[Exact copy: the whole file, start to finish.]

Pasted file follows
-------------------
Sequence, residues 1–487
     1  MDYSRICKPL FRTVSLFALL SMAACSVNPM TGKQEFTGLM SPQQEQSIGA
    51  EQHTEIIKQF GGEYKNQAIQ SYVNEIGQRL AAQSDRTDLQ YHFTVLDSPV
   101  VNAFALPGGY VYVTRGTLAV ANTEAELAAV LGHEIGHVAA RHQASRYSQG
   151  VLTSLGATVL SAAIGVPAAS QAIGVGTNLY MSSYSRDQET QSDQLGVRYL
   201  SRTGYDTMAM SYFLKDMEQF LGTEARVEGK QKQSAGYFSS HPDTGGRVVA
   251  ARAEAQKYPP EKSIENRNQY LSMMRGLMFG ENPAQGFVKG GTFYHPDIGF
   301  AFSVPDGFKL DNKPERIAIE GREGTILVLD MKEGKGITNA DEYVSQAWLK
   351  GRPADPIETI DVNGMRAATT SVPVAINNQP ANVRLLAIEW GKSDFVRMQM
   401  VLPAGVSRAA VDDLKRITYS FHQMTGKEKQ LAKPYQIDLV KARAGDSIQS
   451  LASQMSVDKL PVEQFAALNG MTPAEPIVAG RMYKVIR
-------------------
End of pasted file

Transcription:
Sequence, residues 1–487
     1  MDYSRICKPL FRTVSLFALL SMAACSVNPM TGKQEFTGLM SPQQEQSIGA
    51  EQHTEIIKQF GGEYKNQAIQ SYVNEIGQRL AAQSDRTDLQ YHFTVLDSPV
   101  VNAFALPGGY VYVTRGTLAV ANTEAELAAV LGHEIGHVAA RHQASRYSQG
   151  VLTSLGATVL SAAIGVPAAS QAIGVGTNLY MSSYSRDQET QSDQLGVRYL
   201  SRTGYDTMAM SYFLKDMEQF LGTEARVEGK QKQSAGYFSS HPDTGGRVVA
   251  ARAEAQKYPP EKSIENRNQY LSMMRGLMFG ENPAQGFVKG GTFYHPDIGF
   301  AFSVPDGFKL DNKPERIAIE GREGTILVLD MKEGKGITNA DEYVSQAWLK
   351  GRPADPIETI DVNGMRAATT SVPVAINNQP ANVRLLAIEW GKSDFVRMQM
   401  VLPAGVSRAA VDDLKRITYS FHQMTGKEKQ LAKPYQIDLV KARAGDSIQS
   451  LASQMSVDKL PVEQFAALNG MTPAEPIVAG RMYKVIR